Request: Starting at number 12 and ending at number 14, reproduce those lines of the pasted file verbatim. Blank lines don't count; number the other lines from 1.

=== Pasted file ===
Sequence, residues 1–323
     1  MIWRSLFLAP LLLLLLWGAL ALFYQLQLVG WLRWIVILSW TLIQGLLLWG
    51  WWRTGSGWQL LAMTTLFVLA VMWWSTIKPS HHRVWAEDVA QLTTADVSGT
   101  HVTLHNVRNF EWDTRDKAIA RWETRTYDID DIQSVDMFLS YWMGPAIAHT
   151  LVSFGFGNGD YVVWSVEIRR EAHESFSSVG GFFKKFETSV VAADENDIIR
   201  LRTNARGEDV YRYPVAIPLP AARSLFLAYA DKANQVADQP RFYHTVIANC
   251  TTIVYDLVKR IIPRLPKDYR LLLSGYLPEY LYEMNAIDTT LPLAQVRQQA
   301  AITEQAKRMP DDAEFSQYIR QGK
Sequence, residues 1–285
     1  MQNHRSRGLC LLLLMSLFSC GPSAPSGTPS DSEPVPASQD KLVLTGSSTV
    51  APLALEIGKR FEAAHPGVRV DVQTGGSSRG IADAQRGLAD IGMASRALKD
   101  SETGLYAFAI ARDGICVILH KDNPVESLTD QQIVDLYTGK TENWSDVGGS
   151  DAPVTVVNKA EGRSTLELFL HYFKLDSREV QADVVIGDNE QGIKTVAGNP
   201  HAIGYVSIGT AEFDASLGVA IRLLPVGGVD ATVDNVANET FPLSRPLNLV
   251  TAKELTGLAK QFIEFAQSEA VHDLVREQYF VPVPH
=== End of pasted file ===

   101  SETGLYAFAI ARDGICVILH KDNPVESLTD QQIVDLYTGK TENWSDVGGS
   151  DAPVTVVNKA EGRSTLELFL HYFKLDSREV QADVVIGDNE QGIKTVAGNP
   201  HAIGYVSIGT AEFDASLGVA IRLLPVGGVD ATVDNVANET FPLSRPLNLV